Six hundred Field Service men from all parts of America reunited in New York, deeply moved by tribute of appreciation from leaders of beloved France, Deschanel, Clemenceau, Poincaré, Viviani, recall the immortal hours spent with her heroic soldiers, and testify again in the midst of the problems of peace to their undying reverence, confidence, and affection.
Paris, May 6, 1920.
France is grateful to the American Field Service, which intends to continue beyond the war the traditions started during the war, when in the early days of the struggle its original members had brought us such devoted help, the harbinger of the great effort which led us together to definite victory.
Cablegram in Reply to Above
New York, May 8,1920.
Les Vétérans de l'Americain Field Service aux Armées Françaises,
au Président de la République Française
Nous tenons exprimer a la France par son Président notre reconnaissance du haut privilège d'avoir servi avec ses armées héroïques dans la grande guerre pour préserver la Justice et le Droit et en plus notre sympathie pour ses efforts courageux afin de réparer les blessures de la guerre
Paris, May 6, 1920.
L'impérissable honneur des volontaires de l'American Field Service sera d'avoir donné leur aide à la France en péril sans que rien les y oblige que la voix de leur conscience. Leurs puissants et continuels efforts depuis les premiers combats jusqu' à la victoire finale ont fait l'admiration de tous. Fier d'avoir travaillé avec eux, je leur envoie, ainsi qu' à leurs chefs éminents, mon fraternel souvenir.
Cablegram in Reply
New York, May 8, 1920.
Captain Aujay, 7 Rue Mabeuf, Paris:
Six hundred American Field Service men recall with unchanging gratitude your friendship during our great days in France.
Paris, May 6, 1920.
A tous les membres du Field Service aux Armées Françaises reconnaissant souvenir. Comtesse de la Villestreux.
Cablegram in Reply
New York, May 8, 1920.
Comtesse de la Villestreux, 21 Rue Raynouard, Paris:
We recall with undying gratitude your kindness to us during the great days in France..
600 American Field Service Men.
Paris, May 6, 1920.
Please convey to the boys my warmest remembrances and continual interest in their welfare. I shall always look back on my association with them as my happiest days.
Cablegram in Reply
New York, May 8, 1920.
Mrs. William K. Vanderbilt, 10 Rue Lerou, Paris:
We shall never forget your devotion to our interests throughout those days in France.
600 American Field Service Men.
Paris, May 6, 1920.
Committee already organized is prepared to carry out in France whatever plans-the Field Service adopts and is anxious and ready to receive and welcome all those who may be sent here. We, the thirty-five old members gathered here to-night, send you our greetings and drink your health with real solid pinard. Shepard-Muhr-Hill-Huffer..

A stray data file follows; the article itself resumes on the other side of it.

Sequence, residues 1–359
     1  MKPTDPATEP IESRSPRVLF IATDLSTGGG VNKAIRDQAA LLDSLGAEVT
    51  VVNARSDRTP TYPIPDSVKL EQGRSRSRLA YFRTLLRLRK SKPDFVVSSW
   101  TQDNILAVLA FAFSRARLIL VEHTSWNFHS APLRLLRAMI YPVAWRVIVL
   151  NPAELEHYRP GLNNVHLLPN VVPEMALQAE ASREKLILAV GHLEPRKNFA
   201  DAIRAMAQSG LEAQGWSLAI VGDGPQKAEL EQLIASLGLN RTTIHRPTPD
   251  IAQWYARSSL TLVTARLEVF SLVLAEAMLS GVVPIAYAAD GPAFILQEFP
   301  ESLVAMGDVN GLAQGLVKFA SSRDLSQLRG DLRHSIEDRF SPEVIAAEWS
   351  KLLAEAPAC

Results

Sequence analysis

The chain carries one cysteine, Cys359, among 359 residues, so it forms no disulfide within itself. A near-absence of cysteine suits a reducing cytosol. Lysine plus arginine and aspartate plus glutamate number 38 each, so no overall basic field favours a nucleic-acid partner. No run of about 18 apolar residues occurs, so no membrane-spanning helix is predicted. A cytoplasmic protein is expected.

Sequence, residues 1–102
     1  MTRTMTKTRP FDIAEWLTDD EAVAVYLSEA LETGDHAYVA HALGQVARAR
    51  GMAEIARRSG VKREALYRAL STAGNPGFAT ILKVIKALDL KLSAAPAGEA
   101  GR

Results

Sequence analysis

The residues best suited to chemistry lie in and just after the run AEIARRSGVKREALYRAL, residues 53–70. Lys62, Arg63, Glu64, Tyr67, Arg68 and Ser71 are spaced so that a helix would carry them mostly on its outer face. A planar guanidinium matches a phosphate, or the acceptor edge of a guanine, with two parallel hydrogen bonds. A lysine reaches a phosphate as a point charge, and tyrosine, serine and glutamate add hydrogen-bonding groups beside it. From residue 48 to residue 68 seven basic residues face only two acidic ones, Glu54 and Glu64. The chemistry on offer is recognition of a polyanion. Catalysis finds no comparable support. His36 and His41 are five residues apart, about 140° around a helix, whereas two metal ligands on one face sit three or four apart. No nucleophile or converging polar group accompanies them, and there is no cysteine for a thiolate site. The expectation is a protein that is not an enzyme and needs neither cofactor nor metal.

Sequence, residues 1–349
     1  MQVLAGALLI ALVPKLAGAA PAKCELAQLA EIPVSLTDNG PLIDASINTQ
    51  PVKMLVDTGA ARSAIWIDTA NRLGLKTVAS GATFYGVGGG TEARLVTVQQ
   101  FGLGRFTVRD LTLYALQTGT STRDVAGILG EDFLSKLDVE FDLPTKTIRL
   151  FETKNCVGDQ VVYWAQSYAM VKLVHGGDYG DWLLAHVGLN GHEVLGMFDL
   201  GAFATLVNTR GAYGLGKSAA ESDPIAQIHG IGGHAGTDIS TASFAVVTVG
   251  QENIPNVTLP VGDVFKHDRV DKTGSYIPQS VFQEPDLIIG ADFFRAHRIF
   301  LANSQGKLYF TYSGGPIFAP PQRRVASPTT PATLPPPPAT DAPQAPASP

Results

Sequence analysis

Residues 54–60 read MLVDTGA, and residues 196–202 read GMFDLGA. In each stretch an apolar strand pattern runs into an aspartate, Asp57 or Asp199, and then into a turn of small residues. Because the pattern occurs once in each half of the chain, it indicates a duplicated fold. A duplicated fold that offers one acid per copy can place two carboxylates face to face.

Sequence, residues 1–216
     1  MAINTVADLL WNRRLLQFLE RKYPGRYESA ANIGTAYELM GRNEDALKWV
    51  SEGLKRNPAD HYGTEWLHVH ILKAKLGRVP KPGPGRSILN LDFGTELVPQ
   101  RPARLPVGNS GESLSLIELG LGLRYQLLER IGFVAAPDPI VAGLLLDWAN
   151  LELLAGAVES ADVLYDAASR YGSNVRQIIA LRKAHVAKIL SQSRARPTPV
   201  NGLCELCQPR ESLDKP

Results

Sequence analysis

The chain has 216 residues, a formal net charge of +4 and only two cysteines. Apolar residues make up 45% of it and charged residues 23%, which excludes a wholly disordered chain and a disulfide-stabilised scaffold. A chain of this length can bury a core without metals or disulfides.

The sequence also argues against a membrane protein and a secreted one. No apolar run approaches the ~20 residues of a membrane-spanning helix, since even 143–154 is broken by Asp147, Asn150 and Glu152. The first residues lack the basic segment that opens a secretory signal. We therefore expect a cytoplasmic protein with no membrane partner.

Paris, May 6, 1920.
Wish I could be with you at first reunion, which I hope sincerely will result in founding a new, successful effort. Best remembrances to every one.
Cablegram in Reply
New York, May 8,1920.
Stephen Galatti, Paris:
Despite dust-throated conditions, reunion very successful. Association organized. Fellowship plan adopted. Greetings to Paris Committee. Our thoughts revert ever to France.
600 Homesick Veterans.
Paris, May 8, 1920.
Sorry to miss reunion. Cordial greetings to all.
John and Fred Ostheimer.
S. S. U. 4-9, T. M.
San Francisco, May 7, 1920.
California Unit sends cordial greetings and hopes for successful reunion.
John Whitton, Secretary.
The banner of Section One was lost in the banquet hall of the Hotel Pennsylvania after the banquet of May 8. Anyone knowing of its whereabouts will please communicate at once with Yorke Stevenson, Racquet Club, Philadelphia.
Mr. Henry D. Sleeper is sailing on "La France" July 21, and can be reached care of Morgan, Harjes, Paris, until next October.
The American Legion Post at Germantown, Penn. (Penn. Post No. 3), has been named in honor of Henry H. Houston, 2d (Cdt. Adjt. S. S. U. 12--T. M. U. 133), 1st Lt. U. S. F. A., who was killed in action, August 18, 1918.
The American Legion Post at Ann Arbor, Mich., has been named in honor of Richard Nelville Hall (S. S. U. 3), who was killed in the Vosges, December 24, 1915, while a volunteer ambulance driver.
Gardner Richardson, S. S. U. 1, is now in Budapest with the American Child Welfare Mission to Hungary.
Robert Whitney Imbrie, S. S. U. 1 and 3, is now Vice Consul at Viborg, Finland.
Miss Lucy B. MacDonald (Boston and Paris Headquarters), is on a leave of absence to attend the Harvard Summer School.
Ambassador Jusserand in a letter to Professor Holbrook of the University of California, under date of May 19, 1920, said:
"It is most kind of you to have sent me two copies of the January number of the 'University of California Chronicle a number to be kept and cherished forever. I have rarely read a more touching account of American experiences in France than those of Mr. Cadman, Mr. Whitton and Mr. Wright. At a time when unfavorable insinuations seem to grow and multiply under influences which are not always, I am sure, really American, statements of this sort from men who have seen, heard and observed who have been able to live with French people under conditions not far removed from the normal ones, are invaluable. Would you be so good as to tell them how deeply I appreciate the views expressed by them concerning my compatriots and the sense of equity with which they have put to the account of terrible and unheard of circumstances, facts which have too often been interpreted as signifying change in the historical character of the French. I wish for the sake of justice and for the honor of my country as many readers as possible to your young friends."
John B. Whitton writes from California: